This was supposed to be my “I found great routes up two big Seattle hills!” post, but I’ll save that for a future post (because I chickened out on the first hill and got lost on the second hill). So instead it’s just another “blah blah blah hill hill hill” post.
Our first hilltop stop was 20/20 Cycle for the Posse’s on Broadway Cargo Bike Picnic Ride and next year I’ll go through Interlaken and arrive from the north, but this year I stuck to my old, familiar route:
…plus I didn’t see a great waypoint for the kids to stretch their legs and me to drink more coffee using the new route (though this is Seattle so I’m sure there’s coffee and greenspace to be found if I look again) and I wanted to stop by The Calf & Kid to pick up Briar Rose Creamery truffles for the potluck.
Here we are at Melrose Market, home of The Calf & Kid. Even though my long bike doesn’t fit in our fancy bike corrals, I got it wedged in backwards. Interesting that everyone else parked nose in, whereas at R+E in the U-District, people back their bikes in.
Point “C” on the above map is a stop at Tougo Coffee was for me to rest at the top of the hill while the kids played in the play area. Nothing beats a cafe with a kid area! But soon enough we made it to 20/20 Cycle, which conveniently also has a little play area.
The ride consisted of 20 adults and 8 kids–or so that’s what I count in front of Black Sun Doughnut:
Prior to that stop in Volunteer Park was the obligatory swarming of Dick’s on Broadway:
and winding up this lovely path by a Henry mural:
We had a fun off-road section leaving Volunteer Park:
There was also an off-road section into our stop at Ravenna Park, but I was working too hard not to tip over so there are no smiley pictures of that. It helped to climb that last hill next to Davey Oil as he offered some encouraging words (which I think may have been “How are you not tipping over?”) I have a lot of practice riding extremely slow in gravel, though it’s usually on flat gravel while following zig-zagging kids and not up a painfully steep hill. But we made it! After which I had to lay down in the grass for a bit.
Now, I feel like I shouldn’t pick favorites, but look at this awesome family! Traditional Santana tandem on the right and Hase Pino Allaround on the left. I thought it was just another Bilenky Viewpoint “unique tandem” at first (there are quite a few of those around Seattle!).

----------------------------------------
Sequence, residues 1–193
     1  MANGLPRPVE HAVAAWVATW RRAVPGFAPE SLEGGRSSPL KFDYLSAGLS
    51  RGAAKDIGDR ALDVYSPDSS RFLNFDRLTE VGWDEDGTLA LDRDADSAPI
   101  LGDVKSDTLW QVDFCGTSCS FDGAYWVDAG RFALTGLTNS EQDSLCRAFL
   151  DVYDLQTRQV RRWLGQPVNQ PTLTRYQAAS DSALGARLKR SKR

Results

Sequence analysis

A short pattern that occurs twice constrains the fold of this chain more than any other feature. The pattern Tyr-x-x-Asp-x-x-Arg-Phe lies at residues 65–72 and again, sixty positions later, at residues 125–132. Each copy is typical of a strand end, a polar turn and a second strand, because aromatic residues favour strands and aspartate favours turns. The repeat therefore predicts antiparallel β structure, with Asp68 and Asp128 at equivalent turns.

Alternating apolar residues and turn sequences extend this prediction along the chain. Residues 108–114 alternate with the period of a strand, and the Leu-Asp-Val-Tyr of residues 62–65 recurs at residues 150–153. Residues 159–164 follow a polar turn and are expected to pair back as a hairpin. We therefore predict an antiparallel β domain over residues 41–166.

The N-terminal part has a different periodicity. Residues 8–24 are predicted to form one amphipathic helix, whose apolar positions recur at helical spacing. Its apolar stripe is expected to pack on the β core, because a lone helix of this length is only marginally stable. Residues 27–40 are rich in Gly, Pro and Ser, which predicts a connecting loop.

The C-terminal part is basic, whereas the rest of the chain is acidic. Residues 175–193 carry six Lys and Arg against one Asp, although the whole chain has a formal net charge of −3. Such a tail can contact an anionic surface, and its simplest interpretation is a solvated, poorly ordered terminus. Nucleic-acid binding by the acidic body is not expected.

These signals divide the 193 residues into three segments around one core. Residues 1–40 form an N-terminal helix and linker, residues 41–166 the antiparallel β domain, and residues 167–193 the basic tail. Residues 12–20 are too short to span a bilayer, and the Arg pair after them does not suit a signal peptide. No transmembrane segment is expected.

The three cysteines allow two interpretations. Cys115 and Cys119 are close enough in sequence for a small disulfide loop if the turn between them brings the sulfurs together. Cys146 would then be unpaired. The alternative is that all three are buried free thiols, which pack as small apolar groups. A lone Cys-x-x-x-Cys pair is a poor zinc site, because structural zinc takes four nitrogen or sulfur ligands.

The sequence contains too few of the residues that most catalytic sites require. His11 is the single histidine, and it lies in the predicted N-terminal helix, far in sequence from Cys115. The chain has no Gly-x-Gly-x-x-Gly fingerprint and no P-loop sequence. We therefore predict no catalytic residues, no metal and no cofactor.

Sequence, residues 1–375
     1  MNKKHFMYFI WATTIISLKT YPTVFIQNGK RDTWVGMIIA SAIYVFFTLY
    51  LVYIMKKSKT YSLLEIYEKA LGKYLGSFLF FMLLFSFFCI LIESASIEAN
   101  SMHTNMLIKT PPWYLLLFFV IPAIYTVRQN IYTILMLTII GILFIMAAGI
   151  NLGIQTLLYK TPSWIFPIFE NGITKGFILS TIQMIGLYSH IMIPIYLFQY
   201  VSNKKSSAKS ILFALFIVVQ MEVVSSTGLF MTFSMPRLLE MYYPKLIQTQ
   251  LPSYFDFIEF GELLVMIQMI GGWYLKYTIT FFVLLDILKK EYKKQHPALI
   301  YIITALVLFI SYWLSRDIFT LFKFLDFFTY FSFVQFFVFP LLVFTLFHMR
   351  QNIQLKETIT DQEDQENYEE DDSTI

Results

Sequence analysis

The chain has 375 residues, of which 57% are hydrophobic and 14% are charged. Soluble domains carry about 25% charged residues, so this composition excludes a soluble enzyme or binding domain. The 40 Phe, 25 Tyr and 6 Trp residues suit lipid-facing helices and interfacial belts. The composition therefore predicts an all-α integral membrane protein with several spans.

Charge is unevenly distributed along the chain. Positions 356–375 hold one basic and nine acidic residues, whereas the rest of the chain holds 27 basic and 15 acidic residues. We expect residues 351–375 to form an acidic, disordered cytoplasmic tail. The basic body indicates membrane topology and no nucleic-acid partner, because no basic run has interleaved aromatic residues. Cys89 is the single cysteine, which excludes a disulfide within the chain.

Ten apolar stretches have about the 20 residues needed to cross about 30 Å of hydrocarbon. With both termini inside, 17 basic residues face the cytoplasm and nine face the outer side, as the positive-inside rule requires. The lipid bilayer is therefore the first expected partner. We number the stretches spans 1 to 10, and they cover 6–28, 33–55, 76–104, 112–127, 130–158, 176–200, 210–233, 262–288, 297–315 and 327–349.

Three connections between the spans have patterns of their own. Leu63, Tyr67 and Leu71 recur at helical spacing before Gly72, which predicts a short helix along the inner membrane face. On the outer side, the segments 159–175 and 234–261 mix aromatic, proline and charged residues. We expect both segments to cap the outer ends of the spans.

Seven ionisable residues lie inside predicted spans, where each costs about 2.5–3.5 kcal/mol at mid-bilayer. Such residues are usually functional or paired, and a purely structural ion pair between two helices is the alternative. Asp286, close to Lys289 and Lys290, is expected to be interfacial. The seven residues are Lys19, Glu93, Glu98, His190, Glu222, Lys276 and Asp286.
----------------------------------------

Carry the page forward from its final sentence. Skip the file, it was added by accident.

The bikes were cool and the whole family was nice, but I was mainly taken by the Santana stoker. He had so many creative seating positions! One of them even involved pedaling…though with just one foot. So cute. But at the same time, I really hope I get some pedaling help by the time we move up to a tandem.
Now along to hill two!
Our preschool often has gatherings at the playground six blocks away. Six blocks up Seattle’s best hill, that is. I’ve tried the direct route before and it was awful. I don’t think I even made it up one of the four uphill blocks. I’ve been meaning to try a supposed gradual route up–from a friend who rides a regular bike with no extra stuff (such as 100 pounds of kids) on it. It’s a little convoluted so I meant to try it alone (and on my light road bike) first, but naturally, I never got around to that. Also naturally, I fell off the route without realizing it–it’s awfully twisty and turny! But look at this lovely view from West Armour Street and 5th Avenue West (which is way higher than I should have gotten at any point):
The playground is just two blocks down that hill and a little to the right, but I continued two more blocks uphill to West Raye Street, same street as the park. I should have continued up even more, but instead I took the steep downhill, stopped to cross busy 3rd Avenue West, and then got stuck at the base of the park. The kids kindly got off to walk through the park and I could ride the rest of the way in.
A couple people cheered us on near the highest point and I really wanted to snarl, “Obviously we’re lost!” but I managed a smile. Soon (though not too soon, I need to recover a bit) I’ll give it a try and see if it’s all it’s cracked up to be.